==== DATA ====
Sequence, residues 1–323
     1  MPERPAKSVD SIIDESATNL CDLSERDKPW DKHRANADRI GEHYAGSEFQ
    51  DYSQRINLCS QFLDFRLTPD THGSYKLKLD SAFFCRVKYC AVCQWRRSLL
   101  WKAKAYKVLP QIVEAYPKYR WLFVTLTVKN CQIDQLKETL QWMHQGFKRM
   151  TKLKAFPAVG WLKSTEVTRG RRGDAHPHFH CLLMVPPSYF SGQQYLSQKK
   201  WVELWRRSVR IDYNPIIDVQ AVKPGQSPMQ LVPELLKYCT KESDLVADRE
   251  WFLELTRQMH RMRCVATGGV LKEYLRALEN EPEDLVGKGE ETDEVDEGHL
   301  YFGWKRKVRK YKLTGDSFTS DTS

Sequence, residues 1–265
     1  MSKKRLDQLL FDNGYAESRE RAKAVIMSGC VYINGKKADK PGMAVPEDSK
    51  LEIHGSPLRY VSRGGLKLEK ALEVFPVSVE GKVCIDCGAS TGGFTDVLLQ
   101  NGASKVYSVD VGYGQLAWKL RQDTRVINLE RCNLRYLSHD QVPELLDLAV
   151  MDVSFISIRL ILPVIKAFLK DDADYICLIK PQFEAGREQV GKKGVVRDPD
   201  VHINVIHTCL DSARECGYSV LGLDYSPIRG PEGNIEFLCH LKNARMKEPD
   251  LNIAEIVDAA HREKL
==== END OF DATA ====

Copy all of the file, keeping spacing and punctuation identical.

Sequence, residues 1–323
     1  MPERPAKSVD SIIDESATNL CDLSERDKPW DKHRANADRI GEHYAGSEFQ
    51  DYSQRINLCS QFLDFRLTPD THGSYKLKLD SAFFCRVKYC AVCQWRRSLL
   101  WKAKAYKVLP QIVEAYPKYR WLFVTLTVKN CQIDQLKETL QWMHQGFKRM
   151  TKLKAFPAVG WLKSTEVTRG RRGDAHPHFH CLLMVPPSYF SGQQYLSQKK
   201  WVELWRRSVR IDYNPIIDVQ AVKPGQSPMQ LVPELLKYCT KESDLVADRE
   251  WFLELTRQMH RMRCVATGGV LKEYLRALEN EPEDLVGKGE ETDEVDEGHL
   301  YFGWKRKVRK YKLTGDSFTS DTS

Sequence, residues 1–265
     1  MSKKRLDQLL FDNGYAESRE RAKAVIMSGC VYINGKKADK PGMAVPEDSK
    51  LEIHGSPLRY VSRGGLKLEK ALEVFPVSVE GKVCIDCGAS TGGFTDVLLQ
   101  NGASKVYSVD VGYGQLAWKL RQDTRVINLE RCNLRYLSHD QVPELLDLAV
   151  MDVSFISIRL ILPVIKAFLK DDADYICLIK PQFEAGREQV GKKGVVRDPD
   201  VHINVIHTCL DSARECGYSV LGLDYSPIRG PEGNIEFLCH LKNARMKEPD
   251  LNIAEIVDAA HREKL